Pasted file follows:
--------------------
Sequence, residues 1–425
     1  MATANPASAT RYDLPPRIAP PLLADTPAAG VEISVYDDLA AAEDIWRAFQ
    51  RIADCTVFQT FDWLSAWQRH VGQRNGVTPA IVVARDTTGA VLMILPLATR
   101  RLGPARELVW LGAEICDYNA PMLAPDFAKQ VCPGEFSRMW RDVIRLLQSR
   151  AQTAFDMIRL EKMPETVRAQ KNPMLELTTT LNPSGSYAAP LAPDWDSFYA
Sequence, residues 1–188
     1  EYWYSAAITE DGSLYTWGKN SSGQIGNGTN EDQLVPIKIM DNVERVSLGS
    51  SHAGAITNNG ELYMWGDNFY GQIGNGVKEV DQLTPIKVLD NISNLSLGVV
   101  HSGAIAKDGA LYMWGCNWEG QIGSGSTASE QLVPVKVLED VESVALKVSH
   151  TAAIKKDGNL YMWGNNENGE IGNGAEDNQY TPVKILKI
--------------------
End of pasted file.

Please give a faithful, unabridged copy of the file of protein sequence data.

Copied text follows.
Sequence, residues 1–425
     1  MATANPASAT RYDLPPRIAP PLLADTPAAG VEISVYDDLA AAEDIWRAFQ
    51  RIADCTVFQT FDWLSAWQRH VGQRNGVTPA IVVARDTTGA VLMILPLATR
   101  RLGPARELVW LGAEICDYNA PMLAPDFAKQ VCPGEFSRMW RDVIRLLQSR
   151  AQTAFDMIRL EKMPETVRAQ KNPMLELTTT LNPSGSYAAP LAPDWDSFYA
Sequence, residues 1–188
     1  EYWYSAAITE DGSLYTWGKN SSGQIGNGTN EDQLVPIKIM DNVERVSLGS
    51  SHAGAITNNG ELYMWGDNFY GQIGNGVKEV DQLTPIKVLD NISNLSLGVV
   101  HSGAIAKDGA LYMWGCNWEG QIGSGSTASE QLVPVKVLED VESVALKVSH
   151  TAAIKKDGNL YMWGNNENGE IGNGAEDNQY TPVKILKI